Let's do something tricky. In each column, we can only use 4 tallies before switching to using the column to the left, and leaving a - in the current column. We're going to cheat, and bring back our modern arabic numerals, 0 through 4. Instead of drawing individual tallies, we'll count the number of marks we made, and just put our numeral down:

4:     0 0 4
12:    0 2 2
36:    1 2 1
44:    1 3 4
51:    2 0 1

KABLAMMO. That's the sound of your mind being blown. This is the illustration of the relation between places, numerals, and actual numbers. Let's look at the number 5. In our Zebulon Numeral system, it looks like this:  -  +  -. Translated to arabic numerals: 0 1 0 -> 010 -> 10. WHAT. THE. EFF.

So now counting, going by the basis of having five tally marks, looks like this, 1 2 3 4 10 11 12... and so forth. So the number '10' does not actually mean ten things. It means, in a system, where we have N numerals and a zero, we are representing exactly N + 1 items. It is essentially a tally mark in the next column over. And so here, where our basis of counting is four tallies and a zero, 10 really means 'five'.

In our previous example, where we hate our thumbs, 10 means 'nine'.

FINE, you say, BUT WHAT IF YOU HAD 16 FINGERS? Well, just like we made up symbols to represent numerals bigger than ||||, we can make up more symbols. We could just do, ... 8 9 | + X. But instead of a contrived example, I'll just reveal that modern convention uses the letters A-F to represent ten through fifteen.

1 2 3 4 5 6 7 8 9 A B C D E F whatcomesnextquickyouknowitalreadytoolateI'mjustgonnatellyou 10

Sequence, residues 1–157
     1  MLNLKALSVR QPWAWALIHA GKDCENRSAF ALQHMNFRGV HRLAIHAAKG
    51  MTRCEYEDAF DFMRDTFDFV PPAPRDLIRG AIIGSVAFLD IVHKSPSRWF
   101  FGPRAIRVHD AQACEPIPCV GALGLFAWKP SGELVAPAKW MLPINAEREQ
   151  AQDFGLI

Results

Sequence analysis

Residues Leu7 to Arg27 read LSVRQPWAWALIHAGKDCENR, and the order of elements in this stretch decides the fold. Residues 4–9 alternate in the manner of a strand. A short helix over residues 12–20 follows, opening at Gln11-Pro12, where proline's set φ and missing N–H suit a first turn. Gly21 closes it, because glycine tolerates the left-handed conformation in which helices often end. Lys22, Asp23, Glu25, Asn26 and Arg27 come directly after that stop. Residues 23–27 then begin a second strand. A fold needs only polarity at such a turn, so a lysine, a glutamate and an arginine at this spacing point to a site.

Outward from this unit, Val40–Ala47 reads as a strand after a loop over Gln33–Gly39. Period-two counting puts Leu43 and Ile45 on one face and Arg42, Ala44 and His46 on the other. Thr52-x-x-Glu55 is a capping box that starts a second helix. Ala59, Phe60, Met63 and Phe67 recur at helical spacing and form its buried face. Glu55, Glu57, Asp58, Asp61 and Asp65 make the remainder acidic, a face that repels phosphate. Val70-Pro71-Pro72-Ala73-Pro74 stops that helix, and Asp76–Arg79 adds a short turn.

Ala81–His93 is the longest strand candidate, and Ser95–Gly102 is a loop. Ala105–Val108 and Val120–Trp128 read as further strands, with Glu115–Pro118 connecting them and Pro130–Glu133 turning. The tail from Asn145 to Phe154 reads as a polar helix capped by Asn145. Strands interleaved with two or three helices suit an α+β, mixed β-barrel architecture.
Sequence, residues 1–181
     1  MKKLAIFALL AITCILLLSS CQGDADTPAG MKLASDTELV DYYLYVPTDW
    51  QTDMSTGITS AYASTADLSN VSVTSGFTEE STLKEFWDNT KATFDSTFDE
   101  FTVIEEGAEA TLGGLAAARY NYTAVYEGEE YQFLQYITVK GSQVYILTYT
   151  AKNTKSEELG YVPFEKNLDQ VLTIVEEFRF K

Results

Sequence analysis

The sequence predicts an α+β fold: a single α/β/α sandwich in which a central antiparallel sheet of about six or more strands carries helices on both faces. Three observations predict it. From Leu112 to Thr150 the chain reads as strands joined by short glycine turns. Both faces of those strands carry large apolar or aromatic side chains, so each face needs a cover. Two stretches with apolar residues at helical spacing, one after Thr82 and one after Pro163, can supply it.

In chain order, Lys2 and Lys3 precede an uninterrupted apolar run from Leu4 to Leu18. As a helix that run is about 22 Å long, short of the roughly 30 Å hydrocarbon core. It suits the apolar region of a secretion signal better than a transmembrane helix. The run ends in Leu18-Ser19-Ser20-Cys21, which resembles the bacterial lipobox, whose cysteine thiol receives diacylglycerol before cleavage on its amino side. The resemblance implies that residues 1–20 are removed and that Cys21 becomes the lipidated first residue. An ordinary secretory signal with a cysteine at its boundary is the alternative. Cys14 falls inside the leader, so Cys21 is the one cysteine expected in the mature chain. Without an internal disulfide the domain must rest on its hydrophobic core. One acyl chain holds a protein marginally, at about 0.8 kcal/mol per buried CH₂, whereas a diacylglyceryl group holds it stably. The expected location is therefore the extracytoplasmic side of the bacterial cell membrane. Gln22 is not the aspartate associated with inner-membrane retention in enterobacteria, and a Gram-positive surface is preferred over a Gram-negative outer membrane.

Look at that. I've just, in an incredibly long and convoluted manner, taught you hexadecimal. Or, in english, sixatennish. Maybe 'base 16' is better. And we've seen base 5 and base 9 counting systems.

So. Let's take this all the way in the other direction. Let's say we're a little bit slow, and we only ever learned two numerals: '0' and '1'. But somehow we're still smart enough to count to numbers greater than one. What does that look like?

0000
    0001
    0010
    0011
    0100

Recognize that? That there is binary, sonny. I remember back in ought six, well, we didn't have the numeral six back then, so it was ought one one ought...

Tune in next time when we link binary to hexawhatsitall, then look at what that means for integers on computers.

1 response
(this is Zach from Rob's lab)

This explanation is much better than the high school one where they just define binary numbers as 2^(n) + 2^(n-1) + ... + 2^1 + 2^0.

Have you shown this to anyone who doesn't know anything about the topic? I really like it, but I also knew where you were heading from the beginning. I really liked the foreign key post (which I was less familiar with, aside from knowing what a foreign key was) as well, but Rob said that he had a little trouble following it.

My guess is that it stems from your use of so many analogies. I always think like this, so I love this kind of explanation, but I could see someone becoming totally lost if they can't make the connection early on.